As we rapidly embrace digital payments, businesses need to be flexible if they are to thrive in the changing landscape, says global payments provider Paysafe
The growing popularity for alternative methods of payment is transforming the traditional shopping experience. A boom in digitalisation, coupled with growing demand for versatile, more efficient payment methods, is spelling a new era for commerce.
Fifty years on from the launch of the first ATM, the financial ecosystem is virtually unrecognisable. Where coins once jangled happily in consumer’s pockets, their popularity is on the wane, with card payments surpassing cash payments for the first time in 2016.
While cash undoubtedly still has its role to play, today’s consumer has come to expect a multitude of payment options. From digital wallets, prepaid cards and cash vouchers to payment apps such as Apple Pay and Samsung Pay, and the advent of cryptocurrencies, consumers have a wealth of choice. It’s a trend that businesses must adapt to or risk being left behind.
New research by Paysafe, a leading global payments provider, has revealed that more than half of UK, US and Canadian consumers expect to use digital formats of cash in the next two years. Lost in Transaction found that a third of people in the UK only visited a cash machine once a month or less and feel increasingly comfortable paying with the “tap and go” method.
Oscar Nieboer, chief marketing officer at Paysafe, says: “Today, people have more ways than ever to spend cash online or offline and this challenges businesses to reimagine the shopping experience to allow for behaviours and payment models unthinkable a decade ago.”
The evolution of mobile technology has undoubtedly triggered this shift, with nearly a quarter of those surveyed in the UK now using mobile wallets and perhaps, more surprisingly, 12 per cent opting to pay with cryptocurrency. The findings echo developments in the United States, where almost a third of consumers use mobile wallets.
Unsurprisingly, the introduction of contactless in 2007 paved the way for this demand, with three out of five consumers now preferring to tap and go, and it’s not difficult to see why. In an age where most things can be found at the click of a finger, a payments environment where cash is merging with digital formats is redefining the shopping experience. Its appeal is not limited to British shores either, with 71 per cent of Canadians preferring contactless methods of payment and 49 per cent of Americans also citing it as more convenient, despite it not yet being introduced in the US.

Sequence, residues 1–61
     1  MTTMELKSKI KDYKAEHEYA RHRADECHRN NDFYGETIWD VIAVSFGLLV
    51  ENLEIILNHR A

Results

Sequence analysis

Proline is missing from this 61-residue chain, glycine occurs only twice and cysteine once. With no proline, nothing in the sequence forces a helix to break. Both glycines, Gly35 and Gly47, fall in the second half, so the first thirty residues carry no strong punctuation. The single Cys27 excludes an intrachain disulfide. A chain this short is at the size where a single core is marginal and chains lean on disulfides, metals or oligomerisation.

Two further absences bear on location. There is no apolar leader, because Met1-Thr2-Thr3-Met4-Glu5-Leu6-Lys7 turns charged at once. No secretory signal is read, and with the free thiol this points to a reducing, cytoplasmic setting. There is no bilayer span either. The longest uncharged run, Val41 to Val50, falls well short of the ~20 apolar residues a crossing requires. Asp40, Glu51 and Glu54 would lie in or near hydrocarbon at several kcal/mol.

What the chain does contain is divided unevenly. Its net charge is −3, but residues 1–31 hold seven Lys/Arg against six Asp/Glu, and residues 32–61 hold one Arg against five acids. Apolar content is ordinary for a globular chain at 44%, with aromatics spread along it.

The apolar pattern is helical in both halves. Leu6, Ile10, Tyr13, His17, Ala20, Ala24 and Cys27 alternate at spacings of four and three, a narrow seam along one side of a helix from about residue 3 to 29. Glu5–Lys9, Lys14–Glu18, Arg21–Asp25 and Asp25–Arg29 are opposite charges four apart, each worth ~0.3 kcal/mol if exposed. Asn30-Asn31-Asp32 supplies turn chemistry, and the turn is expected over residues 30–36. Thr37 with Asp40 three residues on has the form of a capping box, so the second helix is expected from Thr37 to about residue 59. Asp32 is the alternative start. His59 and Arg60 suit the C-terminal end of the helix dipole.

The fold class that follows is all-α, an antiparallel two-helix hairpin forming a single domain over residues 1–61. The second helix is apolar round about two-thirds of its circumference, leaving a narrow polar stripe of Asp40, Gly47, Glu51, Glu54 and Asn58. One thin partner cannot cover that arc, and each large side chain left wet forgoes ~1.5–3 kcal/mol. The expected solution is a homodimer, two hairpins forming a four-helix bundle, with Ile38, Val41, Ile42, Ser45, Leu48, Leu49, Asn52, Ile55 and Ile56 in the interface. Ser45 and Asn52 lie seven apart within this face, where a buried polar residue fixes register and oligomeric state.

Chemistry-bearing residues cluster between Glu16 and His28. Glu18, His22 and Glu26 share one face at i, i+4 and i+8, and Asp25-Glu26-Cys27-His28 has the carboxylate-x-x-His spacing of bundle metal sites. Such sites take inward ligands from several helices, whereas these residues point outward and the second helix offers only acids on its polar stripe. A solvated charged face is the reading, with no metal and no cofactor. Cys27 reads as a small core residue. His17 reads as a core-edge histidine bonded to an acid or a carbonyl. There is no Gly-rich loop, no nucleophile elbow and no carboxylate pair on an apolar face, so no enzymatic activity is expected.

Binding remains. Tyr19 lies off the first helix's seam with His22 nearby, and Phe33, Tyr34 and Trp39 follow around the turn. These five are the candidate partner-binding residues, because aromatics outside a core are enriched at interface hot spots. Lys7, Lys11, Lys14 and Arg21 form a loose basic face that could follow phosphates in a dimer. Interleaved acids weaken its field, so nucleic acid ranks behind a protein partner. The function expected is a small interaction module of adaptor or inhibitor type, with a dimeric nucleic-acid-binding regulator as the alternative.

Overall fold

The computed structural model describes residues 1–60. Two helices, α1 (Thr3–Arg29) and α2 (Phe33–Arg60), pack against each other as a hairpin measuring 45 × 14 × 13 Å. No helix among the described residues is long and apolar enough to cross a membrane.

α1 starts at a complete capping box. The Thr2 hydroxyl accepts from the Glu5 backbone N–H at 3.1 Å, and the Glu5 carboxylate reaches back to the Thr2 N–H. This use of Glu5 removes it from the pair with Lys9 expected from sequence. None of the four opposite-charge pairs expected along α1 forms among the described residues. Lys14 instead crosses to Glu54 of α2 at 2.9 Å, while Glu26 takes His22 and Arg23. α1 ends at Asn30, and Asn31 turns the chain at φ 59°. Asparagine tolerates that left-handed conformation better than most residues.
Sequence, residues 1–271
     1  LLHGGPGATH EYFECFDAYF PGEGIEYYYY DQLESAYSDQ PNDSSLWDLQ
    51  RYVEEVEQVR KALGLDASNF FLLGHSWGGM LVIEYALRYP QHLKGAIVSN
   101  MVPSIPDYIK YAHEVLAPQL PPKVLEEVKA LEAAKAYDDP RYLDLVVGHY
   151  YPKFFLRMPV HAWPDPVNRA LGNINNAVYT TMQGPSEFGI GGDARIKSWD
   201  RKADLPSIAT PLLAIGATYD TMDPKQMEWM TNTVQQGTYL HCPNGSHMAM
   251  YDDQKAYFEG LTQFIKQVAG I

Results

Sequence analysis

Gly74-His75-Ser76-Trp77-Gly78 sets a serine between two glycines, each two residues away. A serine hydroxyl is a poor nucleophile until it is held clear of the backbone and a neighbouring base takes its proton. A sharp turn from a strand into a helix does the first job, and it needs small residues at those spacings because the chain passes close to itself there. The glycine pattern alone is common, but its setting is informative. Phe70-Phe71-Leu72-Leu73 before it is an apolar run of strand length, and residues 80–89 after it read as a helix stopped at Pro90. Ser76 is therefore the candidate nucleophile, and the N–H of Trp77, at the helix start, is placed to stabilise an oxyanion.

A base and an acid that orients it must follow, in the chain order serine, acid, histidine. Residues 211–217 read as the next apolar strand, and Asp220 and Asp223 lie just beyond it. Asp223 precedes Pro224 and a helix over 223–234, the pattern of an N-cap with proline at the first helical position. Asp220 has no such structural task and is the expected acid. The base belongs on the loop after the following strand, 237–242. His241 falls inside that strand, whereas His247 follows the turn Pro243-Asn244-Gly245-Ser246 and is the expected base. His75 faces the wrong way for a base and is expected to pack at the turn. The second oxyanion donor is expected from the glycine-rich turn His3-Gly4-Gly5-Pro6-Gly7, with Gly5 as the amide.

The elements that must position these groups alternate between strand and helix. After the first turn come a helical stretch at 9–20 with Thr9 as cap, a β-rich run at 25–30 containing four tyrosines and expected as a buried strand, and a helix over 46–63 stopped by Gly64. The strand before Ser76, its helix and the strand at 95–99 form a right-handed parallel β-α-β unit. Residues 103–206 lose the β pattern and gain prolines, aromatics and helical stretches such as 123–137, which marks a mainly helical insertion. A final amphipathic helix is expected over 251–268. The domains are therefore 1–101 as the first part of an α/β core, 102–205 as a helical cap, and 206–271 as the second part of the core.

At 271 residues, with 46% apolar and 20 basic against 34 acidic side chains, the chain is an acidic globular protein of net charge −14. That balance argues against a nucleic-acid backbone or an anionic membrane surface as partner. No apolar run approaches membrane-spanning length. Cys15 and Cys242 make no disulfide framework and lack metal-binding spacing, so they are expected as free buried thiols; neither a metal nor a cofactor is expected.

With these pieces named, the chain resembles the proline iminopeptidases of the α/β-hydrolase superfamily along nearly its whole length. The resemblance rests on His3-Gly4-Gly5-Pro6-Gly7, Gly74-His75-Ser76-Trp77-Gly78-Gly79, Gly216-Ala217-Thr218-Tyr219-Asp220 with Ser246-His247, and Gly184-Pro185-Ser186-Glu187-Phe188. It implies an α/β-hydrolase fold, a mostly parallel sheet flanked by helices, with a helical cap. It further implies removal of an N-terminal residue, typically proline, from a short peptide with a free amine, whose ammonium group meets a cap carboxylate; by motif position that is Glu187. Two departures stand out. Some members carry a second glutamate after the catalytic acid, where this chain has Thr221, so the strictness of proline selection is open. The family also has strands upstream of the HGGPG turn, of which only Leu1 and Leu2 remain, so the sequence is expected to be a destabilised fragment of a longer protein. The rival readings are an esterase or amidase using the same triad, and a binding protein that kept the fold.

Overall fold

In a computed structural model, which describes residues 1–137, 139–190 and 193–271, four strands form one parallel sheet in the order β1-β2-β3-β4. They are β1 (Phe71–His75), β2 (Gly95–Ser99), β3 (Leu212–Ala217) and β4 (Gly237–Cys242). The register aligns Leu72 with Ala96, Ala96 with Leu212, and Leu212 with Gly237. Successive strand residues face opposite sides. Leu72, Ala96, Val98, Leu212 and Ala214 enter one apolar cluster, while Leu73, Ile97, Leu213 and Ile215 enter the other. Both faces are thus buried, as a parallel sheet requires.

While the sheer speed of developments can undoubtedly pose a challenge for businesses, those who fail to stay on top of this changing landscape risk becoming obsolete.
Mr Nieboer explains: “In order for businesses to succeed, they must offer choice, convenience, reach and flexibility in their payment solutions. Businesses thrive or die on their ability to forecast market trends and adjust accordingly.”
Millennials are at the forefront of the march; for them a cash-free society is not tomorrow’s world but today’s. Across the UK, US and Canada, those under the age of 34 were most comfortable looking online while browsing in-store simultaneously, while three quarters of 18 to 34 year olds in the US and Canada said they preferred shopping online rather than in-store.
As the line between online and offline blurs, merchants need to invest in emerging technologies to stay ahead of consumer demand
Daniel Kornitzer, chief product officer at Paysafe, says: “It’s our younger generations forging the path to a cash-free society. As the line between online and offline blurs, merchants need to invest in emerging technologies to stay ahead of consumer demand.”
According to Paysafe, a business’s success relies on them understanding and adopting the emerging payment technologies their customers prefer and this rings especially true for smaller companies.
Mr Nieboer adds: “Being able to provide similar payment and security capabilities as their larger competitors can help level the playing field for smaller companies. It will be those merchants seizing the opportunities before them who will be best placed to capitalise on their customer journey.”